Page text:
There is a very special place in my heart for Steampunk artifacts. If you're not familiar with the term, Steampunk is a unique mixture of science fiction and creative anachronisms; it's a way of using various media to produce items which are fictional mechanical inventions or technology appearing at an earlier date. Imagine how a computer might have looked if it were invented in the Victorian era, or a steam-powered shotgun. Exciting, right?
There's a whole sub-culture of steam lovers out there, and although I'm not into role-playing or dressing up as an air pirate, I do love a good piece of jewelry. Some pieces I personally own (and I love to give credit where it is due) are this gorgeous brass ring from Catherinette Rings, made by the very talented Daniel Proulx, and this amazing handcrafted watch by Marrianne:
So of course, once I am more experienced in metalworking, I dream of making similarly beautiful items.
Tonight, my son Ashton helped me create a fun little pendant that I think turned out to be pretty cool. The pendant is a "Cross-Time InfluXuator" and is used for personal time travel. Unfortunately it is broken, so the wearer (sent from the year 1884) is permanently stuck in the present day. On the back is stamped: "If found please return to Doktor Chrono." Ash helped come up with the names, he is so inventive.
The pendant is made of copper, with a nickel silver disc inside. The nickel disc was originally supposed to spin around to display several different dates, but unfortunately it didn't work out that way. I riveted the discs together, but although I put a piece of cardboard in between the pieces to allow movement after riveting, they were still hammered too closely and the piece did not spin. As I was trying to loosen it a bit with a pair of pliers, the sharp edge of the metal sliced my thumb wide open. It didn't help that my fingers were filthy with metal shavings and god knows what else from my workbench. After cleaning my thumb with peroxide and neosporin, and covering it with a bandage, I sat back down and decided to just glue the parts together and be done with it.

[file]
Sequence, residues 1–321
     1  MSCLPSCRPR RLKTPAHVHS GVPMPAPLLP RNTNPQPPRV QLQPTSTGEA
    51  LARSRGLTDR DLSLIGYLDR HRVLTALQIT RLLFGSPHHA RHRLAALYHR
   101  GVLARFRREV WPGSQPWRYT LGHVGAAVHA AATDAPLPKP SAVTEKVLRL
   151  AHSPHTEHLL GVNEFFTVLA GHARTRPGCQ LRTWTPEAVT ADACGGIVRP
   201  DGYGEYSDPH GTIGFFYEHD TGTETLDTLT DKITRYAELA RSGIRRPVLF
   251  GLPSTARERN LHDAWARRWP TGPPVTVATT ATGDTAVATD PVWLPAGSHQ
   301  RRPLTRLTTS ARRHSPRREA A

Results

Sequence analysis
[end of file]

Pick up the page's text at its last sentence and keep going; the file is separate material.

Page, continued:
Then Ash decided it didn't look enough like a time machine, so I twisted a bit of wire and added it to the circumference. I also pierced a hole in a metal gear I snatched from my hubby's miscellany drawer and added it to the pendant to give it more of a steampunk look. Altogether, I think it looks pretty cool. Now that I have a little experience in what to do (and especially what NOT to do) to make a pendant like this, I might try another one sometime. I'd like to add a few extra components and get the inside disc to spin next time around, too.
For now, enjoy these lovely sepia pics of the wonderful X-Time Influxuator that Ash and I made: